If double-barreled tenor saxophone fires you up, the tandem of Johnny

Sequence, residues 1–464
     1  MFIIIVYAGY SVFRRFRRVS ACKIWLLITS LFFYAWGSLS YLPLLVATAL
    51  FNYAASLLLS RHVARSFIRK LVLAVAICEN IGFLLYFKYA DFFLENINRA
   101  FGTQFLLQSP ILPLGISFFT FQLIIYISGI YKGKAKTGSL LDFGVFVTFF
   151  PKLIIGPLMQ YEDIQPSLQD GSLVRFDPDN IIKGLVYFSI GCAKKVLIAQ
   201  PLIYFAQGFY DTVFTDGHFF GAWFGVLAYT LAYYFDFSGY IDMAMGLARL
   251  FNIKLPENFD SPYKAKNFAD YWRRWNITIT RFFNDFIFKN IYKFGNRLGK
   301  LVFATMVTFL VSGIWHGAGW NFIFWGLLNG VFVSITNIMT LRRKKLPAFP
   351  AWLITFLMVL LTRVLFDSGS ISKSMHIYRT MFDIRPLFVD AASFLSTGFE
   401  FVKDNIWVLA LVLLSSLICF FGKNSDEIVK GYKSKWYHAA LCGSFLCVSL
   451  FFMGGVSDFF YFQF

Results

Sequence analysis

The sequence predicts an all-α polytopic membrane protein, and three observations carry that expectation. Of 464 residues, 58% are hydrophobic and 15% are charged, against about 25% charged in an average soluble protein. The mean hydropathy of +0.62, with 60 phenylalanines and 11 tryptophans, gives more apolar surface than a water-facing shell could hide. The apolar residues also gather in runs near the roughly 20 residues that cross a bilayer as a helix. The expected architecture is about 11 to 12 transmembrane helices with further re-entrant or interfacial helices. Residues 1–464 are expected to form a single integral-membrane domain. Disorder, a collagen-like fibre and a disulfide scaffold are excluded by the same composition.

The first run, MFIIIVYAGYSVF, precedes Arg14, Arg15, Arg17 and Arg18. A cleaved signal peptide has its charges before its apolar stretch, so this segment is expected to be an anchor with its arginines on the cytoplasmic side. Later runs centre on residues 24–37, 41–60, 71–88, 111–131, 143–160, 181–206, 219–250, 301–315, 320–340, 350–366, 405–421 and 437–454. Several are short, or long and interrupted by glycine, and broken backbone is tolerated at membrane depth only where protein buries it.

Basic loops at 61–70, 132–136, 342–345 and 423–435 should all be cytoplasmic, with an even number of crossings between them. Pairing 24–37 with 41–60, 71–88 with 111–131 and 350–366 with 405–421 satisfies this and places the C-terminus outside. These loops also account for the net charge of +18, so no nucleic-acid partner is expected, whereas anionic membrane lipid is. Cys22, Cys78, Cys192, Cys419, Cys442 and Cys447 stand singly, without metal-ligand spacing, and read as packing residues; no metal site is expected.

Griffin and Eddie "Lockjaw" Davis is, to this day, scalding. Two-tenors-with-rhythm-section was hardly new when, in 1960, Griffin (b. 1928) and Davis (1921-1986) locked horns for the first time on record. But the heat of their friendly but full-bore battles--modern-mainstreamer Davis, with his juicy tone (incidentally, he solos first on every cut here, save his partner's ballad feature, "Imagination"), vs. hard-bopper Griffin, with his supersonic attack--marked them as the most muscular of tenor teams. There are few jazz sounds more exciting than these saxes wailing in unison or close harmony, trading fours, or (as on "Save Your Love for Me") rapidly referencing "Blues in the Night'" train whistle. They liked to blow on Swing Era favorites ("Tickle Toe," "Soft Winds"), but their music continues to exert a timeless quality. All-out swinging is, after all, a joy forever.